FRIDAY RESEARCH SEMINAR (FRS)
The next generation of doctors will practice medicine in an era of evidence-based medicine, attended by an exponential increase in basic, translational, clinical and health-service-related research. By the start of their residency, today’s medical school graduates must have the ability to understand and apply medical research literature to patient care. Knowledge of the advances in clinical research designs, methods and analytic approaches will empower them to critically evaluate research publications and set a good foundation for participation in research throughout their careers.
Medical students at the Duke-National University of Singapore (Duke-NUS) Medical School participate in a compulsory clinical, health service or translational science research component during their third year. The goal is to provide in-depth exposure to research via a mentored experience that enables students to understand the research process—including developing an idea into a proposal, executing the proposal, and analyzing and interpreting the results to answer important questions. By direct participation, students learn the strengths and limitations of research studies and the factors that affect study validity and generalizability. Thus they become well-informed users of and potential contributors to the evolving body of knowledge. The role of the Centre for Quantitative Medicine (CQM) focuses on quantitative support for third-year students who choose to conduct clinical or health service research at Duke-NUS.
The program goals are for the student to:
- Develop an understanding and appreciation of basic clinical research principles, procedures, practices and methodologies, particularly as they apply to study design selection and the development of study aims and hypotheses
- Develop a conceptual foundation for understanding the quantitative aspects of clinical research, including commonly applied statistical tests and analysis methods, sample size and power, use of statistical software and presentation of research findings
- Engage in a research project with mentored guidance from clinical and quantitative experts
Students conduct their research under the supervision of a clinical mentor, a physician faculty member who is a specialist in a particular area approved by the third-year Research Curriculum Review Committee. Students are also assigned a quantitative mentor—faculty or staff with a PhD or MS Degree in statistics or epidemiology who provide expertise in study design, measurement and analysis. The aim is to assist while empowering the student with the quantitative knowledge and skills required for clinical research. This close individual mentoring gives students the opportunity for frequent and intensive one-on-one consultation throughout the third year. Quantitative mentors continually review progress on the assigned projects and provide help in overcoming obstacles—help that might otherwise be unavailable. Typically the quantitative and clinical mentors meet from time to time with the student.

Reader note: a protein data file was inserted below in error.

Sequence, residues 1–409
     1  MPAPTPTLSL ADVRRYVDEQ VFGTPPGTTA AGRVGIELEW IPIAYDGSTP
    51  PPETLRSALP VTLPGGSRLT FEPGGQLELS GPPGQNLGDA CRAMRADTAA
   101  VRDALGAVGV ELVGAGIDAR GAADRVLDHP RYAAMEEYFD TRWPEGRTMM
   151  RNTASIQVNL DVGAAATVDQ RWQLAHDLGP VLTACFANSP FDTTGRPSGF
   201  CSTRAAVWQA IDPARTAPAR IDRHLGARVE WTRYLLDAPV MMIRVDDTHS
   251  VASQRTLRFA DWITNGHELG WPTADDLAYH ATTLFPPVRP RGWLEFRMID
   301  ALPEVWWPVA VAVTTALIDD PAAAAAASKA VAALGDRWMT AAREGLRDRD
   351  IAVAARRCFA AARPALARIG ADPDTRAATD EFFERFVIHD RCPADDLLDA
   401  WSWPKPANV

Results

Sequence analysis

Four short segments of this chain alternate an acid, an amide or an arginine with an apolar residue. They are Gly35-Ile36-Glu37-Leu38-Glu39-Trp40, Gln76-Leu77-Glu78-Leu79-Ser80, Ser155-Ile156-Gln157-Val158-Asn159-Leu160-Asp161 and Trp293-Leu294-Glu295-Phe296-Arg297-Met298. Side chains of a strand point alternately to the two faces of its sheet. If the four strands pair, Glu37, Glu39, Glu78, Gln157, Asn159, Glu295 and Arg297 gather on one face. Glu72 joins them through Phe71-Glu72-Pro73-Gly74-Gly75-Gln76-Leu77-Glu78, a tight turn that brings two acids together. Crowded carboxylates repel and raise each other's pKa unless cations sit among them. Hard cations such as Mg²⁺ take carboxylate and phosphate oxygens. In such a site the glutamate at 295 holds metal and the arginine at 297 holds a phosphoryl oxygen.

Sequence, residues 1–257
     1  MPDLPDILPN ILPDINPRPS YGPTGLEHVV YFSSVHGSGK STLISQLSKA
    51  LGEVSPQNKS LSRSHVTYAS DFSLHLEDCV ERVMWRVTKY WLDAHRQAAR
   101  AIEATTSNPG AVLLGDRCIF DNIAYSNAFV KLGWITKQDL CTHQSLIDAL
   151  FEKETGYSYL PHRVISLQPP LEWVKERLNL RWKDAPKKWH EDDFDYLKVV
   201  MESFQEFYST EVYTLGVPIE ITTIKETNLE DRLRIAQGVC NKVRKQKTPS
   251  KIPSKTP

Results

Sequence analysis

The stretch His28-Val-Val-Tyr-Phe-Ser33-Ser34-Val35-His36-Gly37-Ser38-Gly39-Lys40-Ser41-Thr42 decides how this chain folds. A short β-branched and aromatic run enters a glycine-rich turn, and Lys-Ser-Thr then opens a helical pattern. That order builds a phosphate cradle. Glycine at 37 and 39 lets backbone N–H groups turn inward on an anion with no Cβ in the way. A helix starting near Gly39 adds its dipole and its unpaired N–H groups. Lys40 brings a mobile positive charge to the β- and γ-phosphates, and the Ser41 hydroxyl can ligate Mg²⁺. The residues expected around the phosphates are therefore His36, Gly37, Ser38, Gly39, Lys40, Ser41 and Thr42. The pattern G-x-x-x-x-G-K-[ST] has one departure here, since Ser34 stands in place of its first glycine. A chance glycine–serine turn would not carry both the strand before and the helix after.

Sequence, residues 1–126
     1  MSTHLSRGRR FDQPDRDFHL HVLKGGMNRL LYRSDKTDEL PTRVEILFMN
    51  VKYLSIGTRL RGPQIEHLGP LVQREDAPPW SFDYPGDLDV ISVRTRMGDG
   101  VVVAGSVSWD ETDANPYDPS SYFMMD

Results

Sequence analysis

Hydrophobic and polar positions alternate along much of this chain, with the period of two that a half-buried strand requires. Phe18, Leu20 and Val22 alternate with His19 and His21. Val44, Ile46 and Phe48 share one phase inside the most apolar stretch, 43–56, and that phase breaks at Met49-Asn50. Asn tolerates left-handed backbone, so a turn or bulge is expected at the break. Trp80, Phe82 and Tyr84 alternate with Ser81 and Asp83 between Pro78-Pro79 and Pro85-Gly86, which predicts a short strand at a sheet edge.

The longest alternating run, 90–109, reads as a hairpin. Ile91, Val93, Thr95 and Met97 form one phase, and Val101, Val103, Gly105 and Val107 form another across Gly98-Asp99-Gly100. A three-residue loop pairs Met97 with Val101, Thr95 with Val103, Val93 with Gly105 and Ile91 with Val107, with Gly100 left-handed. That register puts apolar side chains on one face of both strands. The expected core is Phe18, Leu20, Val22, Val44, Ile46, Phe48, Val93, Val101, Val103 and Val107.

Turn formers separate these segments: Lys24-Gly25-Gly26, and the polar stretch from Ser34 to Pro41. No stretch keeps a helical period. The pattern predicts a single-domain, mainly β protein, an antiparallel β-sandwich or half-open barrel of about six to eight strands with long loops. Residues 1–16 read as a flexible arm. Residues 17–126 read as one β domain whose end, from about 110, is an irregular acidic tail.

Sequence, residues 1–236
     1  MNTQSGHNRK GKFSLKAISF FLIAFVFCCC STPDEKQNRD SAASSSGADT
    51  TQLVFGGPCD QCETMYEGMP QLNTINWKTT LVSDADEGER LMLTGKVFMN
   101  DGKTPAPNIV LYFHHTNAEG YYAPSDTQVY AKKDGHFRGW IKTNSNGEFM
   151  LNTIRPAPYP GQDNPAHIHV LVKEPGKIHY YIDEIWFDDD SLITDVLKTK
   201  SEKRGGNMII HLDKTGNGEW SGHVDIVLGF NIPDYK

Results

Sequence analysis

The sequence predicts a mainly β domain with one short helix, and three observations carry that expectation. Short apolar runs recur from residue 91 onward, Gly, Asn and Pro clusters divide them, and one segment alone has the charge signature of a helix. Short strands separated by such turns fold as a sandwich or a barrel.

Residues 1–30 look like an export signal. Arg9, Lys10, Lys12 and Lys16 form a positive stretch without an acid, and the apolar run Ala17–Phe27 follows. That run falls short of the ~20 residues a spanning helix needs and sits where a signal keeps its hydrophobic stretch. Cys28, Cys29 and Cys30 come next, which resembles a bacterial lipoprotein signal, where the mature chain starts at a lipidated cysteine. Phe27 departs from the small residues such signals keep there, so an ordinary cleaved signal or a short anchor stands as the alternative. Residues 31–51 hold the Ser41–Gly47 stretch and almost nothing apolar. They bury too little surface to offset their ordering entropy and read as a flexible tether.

Program orientation is conducted at the beginning of the academic year. Students are given an overview of the third-year research experience and are advised on expectations, common pitfalls and deliverables. Guidance is given for converting ideas into specific primary and secondary study aims and formulating hypotheses.
An online Research Methods and Analysis (RMA) provides essential quantitative competencies that complement the student’s third-year research. The course emphasizes understanding research study designs and analytic approaches and provides a foundational review of concepts and terminology. The approach is based on understanding the principles of biostatistics and clinical epidemiology as opposed to formulas and mathematics. The goal is for students to develop sufficient understanding of statistical concepts and methods to enable them to read, evaluate, and interpret statistical analyses in the literature with a discerning eye, and to apply principles of evidence-based medicine as practicing physicians. Weekly chapter readings are assigned from texts and complemented with online multiple-choice questions for student self-assessment. Voice annotated presentations (VAPs) developed by faculty and clinicians are also available which elucidate the reading material in greater depth. Quantitative faculty and staff are available to students throughout the academic year on an individual basis. Midterm and final exams that cover the assigned readings are taken online.
The program includes a series of weekly interactive sessions facilitated by faculty clinicians and biostatisticians. Students are assigned to groups of 8 to 10 facilitated by at least one clinician faculty member and one quantitative expert to ensuring both clinical and quantitative guidance. Groups meet weekly during which two projects are presented and critiqued. The format consists of two student presentations, each followed by an interactive discussion among presenters, classmate peers and faculty facilitators. Students are exposed to a broad perspective of research types, study designs, common research problems and pitfalls that they may personally encounter.
Each student is required to submit a thesis at end of the academic year. The thesis is graded separately on a quantitative and clinical basis of the write-up elements, viz., background, methods, analysis and discussion, but not on the significance of outcomes. Theses are graded fail, pass or honours.